By Lorraine Woellert
Sony's Escalating "Spyware" Fiasco
Along with lawyers, prosecutors, and furious fans, artists are joining
the backlash against the label for slipping a hidden, anti-theft
program into users' computers
Van Zant's Get Right with the Man CD was released in May, but six
months later it still was doing better-than-respectable business on
Amazon.com (AMZN ). The album ranked No. 887 on the online retailer's
list of music sales on Nov. 2. Then news of the CD's aggressive
content safeguards -- a sub-rosa software program incorporated
courtesy of Sony BMG -- exploded on the Internet.
To prevent audiophiles from making multiple copies of the CDs, Sony
(SNE) had programmed the Van Zant disk, and dozens of others, with a
hidden code called a "rootkit" that secretly installs itself on hard
drives when the CDs are loaded onto listeners' PCs. Soon enough,
hackers began designing viruses to take malicious advantage of the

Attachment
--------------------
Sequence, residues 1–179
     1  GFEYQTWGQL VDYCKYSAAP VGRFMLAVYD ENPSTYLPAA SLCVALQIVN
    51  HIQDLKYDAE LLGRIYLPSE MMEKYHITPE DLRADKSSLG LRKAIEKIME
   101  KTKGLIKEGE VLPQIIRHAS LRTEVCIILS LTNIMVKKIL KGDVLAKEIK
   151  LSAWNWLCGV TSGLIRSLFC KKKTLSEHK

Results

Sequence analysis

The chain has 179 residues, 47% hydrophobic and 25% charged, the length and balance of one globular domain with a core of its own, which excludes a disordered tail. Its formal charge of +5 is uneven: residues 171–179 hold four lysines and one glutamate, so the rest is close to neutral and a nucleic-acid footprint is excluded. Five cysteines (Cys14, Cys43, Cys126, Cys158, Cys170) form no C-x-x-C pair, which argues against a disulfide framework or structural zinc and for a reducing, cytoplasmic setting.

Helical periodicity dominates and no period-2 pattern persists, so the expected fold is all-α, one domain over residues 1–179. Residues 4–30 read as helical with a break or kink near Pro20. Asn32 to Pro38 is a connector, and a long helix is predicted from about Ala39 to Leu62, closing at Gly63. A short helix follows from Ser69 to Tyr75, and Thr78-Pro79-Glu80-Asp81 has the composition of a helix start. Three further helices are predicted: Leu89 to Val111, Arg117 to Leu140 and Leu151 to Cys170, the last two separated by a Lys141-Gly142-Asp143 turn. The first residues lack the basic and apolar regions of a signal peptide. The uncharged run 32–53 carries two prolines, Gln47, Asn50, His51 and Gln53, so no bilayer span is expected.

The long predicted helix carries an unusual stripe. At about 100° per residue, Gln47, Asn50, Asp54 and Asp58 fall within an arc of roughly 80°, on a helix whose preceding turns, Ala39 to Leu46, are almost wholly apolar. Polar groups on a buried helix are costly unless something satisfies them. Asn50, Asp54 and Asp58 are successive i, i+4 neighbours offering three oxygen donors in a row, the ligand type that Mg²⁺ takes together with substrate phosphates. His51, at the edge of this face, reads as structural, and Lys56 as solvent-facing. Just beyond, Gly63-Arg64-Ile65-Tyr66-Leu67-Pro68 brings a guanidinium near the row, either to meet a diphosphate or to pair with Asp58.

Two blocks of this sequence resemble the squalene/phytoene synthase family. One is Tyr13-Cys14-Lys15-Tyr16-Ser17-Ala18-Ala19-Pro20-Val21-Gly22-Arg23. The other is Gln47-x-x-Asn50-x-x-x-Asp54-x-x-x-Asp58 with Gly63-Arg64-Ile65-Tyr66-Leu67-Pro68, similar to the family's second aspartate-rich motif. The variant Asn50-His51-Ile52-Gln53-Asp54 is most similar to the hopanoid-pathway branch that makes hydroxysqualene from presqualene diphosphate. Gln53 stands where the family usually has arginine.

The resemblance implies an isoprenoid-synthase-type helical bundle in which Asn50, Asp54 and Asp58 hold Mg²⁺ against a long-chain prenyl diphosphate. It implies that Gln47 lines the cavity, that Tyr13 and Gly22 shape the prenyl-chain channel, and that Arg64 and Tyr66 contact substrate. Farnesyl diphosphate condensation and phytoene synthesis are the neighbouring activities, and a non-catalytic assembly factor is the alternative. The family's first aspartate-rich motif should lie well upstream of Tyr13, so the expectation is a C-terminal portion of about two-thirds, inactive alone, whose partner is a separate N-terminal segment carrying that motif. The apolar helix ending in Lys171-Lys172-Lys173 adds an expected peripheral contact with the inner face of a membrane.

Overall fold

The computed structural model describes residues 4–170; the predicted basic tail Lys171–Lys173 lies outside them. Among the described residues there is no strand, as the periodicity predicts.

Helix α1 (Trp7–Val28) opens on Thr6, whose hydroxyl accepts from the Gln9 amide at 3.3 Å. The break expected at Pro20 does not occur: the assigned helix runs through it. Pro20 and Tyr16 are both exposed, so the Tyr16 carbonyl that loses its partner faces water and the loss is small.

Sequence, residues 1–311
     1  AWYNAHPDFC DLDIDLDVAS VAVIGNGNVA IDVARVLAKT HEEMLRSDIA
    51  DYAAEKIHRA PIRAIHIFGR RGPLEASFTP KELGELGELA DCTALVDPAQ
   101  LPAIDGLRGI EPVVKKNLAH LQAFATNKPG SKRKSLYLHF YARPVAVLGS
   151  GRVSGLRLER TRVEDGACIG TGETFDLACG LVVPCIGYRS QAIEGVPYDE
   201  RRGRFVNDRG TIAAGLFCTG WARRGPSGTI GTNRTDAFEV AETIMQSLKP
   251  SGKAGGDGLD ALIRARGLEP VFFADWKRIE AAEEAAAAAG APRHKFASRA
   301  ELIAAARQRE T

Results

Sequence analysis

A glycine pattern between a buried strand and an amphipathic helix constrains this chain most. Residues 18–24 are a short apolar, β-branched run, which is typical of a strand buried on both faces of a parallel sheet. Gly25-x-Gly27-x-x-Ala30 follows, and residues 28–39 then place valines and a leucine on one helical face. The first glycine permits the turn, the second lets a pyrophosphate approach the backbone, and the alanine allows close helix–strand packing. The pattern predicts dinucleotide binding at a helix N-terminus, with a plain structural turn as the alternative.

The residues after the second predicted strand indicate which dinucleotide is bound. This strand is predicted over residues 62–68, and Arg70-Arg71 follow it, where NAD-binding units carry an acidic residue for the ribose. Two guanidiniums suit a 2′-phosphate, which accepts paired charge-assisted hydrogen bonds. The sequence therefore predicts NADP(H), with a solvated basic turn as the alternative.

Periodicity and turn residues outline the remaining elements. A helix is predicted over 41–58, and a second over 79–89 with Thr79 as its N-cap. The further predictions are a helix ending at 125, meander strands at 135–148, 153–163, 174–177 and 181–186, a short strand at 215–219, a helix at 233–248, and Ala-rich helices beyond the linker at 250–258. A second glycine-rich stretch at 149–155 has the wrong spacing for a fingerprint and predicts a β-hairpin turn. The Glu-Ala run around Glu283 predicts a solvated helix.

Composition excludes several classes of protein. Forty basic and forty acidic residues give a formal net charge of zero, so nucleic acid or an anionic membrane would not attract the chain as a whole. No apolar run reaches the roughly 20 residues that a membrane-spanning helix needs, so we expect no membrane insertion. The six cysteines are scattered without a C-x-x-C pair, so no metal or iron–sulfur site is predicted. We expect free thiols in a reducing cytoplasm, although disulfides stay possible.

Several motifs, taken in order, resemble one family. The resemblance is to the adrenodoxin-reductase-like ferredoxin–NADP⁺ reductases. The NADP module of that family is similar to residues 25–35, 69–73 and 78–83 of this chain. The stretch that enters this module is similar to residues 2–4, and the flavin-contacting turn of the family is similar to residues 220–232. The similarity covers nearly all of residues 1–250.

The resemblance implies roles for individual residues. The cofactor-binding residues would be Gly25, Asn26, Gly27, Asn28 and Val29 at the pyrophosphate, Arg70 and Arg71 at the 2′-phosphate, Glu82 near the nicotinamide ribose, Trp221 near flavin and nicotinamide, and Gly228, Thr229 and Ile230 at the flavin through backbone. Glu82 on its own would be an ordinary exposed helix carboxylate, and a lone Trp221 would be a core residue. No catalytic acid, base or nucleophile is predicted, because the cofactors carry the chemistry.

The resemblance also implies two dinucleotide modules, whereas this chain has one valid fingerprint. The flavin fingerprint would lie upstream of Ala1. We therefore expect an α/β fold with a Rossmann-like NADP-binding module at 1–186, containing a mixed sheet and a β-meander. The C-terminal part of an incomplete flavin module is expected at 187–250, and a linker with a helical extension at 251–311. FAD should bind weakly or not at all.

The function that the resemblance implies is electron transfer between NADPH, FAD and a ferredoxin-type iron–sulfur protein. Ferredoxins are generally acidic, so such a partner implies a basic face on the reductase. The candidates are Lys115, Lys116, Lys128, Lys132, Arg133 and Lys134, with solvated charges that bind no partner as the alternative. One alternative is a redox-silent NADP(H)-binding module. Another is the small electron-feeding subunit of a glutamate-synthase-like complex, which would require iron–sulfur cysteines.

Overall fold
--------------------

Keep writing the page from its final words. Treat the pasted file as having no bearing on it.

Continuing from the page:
hidden program, and a Sony boycott had begun (see BW Online, 11/17/05,
"Sony's Copyright Overreach").
GROWING OUTRAGE. Overnight, Get Right with the Man dropped to No.
1,392 on Amazon's music rankings. By Nov. 22 -- after the news made
headlines and Sony was deep into damage control, pulling some 4.7
million copy-protected disks from the market -- Get Right with the Man
was even further from Amazon's Top 40, plummeting to No. 25,802.
The wrath of fans killed Sony's CD copy controls, with the company
pulling 52 titles off retail shelves, beginning the week of Nov. 14.
But the wrath of bands could be far worse for the company -- and for
efforts to protect content in general.
Singers and songwriters are increasingly expressing frustration at
devices used by record companies to protect digital content from
widespread theft that results when CDs are copied repeatedly or
popular tracks are given away on peer-to-peer (P2P) networks, such as
LimeWire and BitTorrent. Sony's misstep has been bad for the company
-- and its effects could spread much further, should the consumer
outcry gain traction with the recording artists who need to keep their
fans happy if they want to sell records.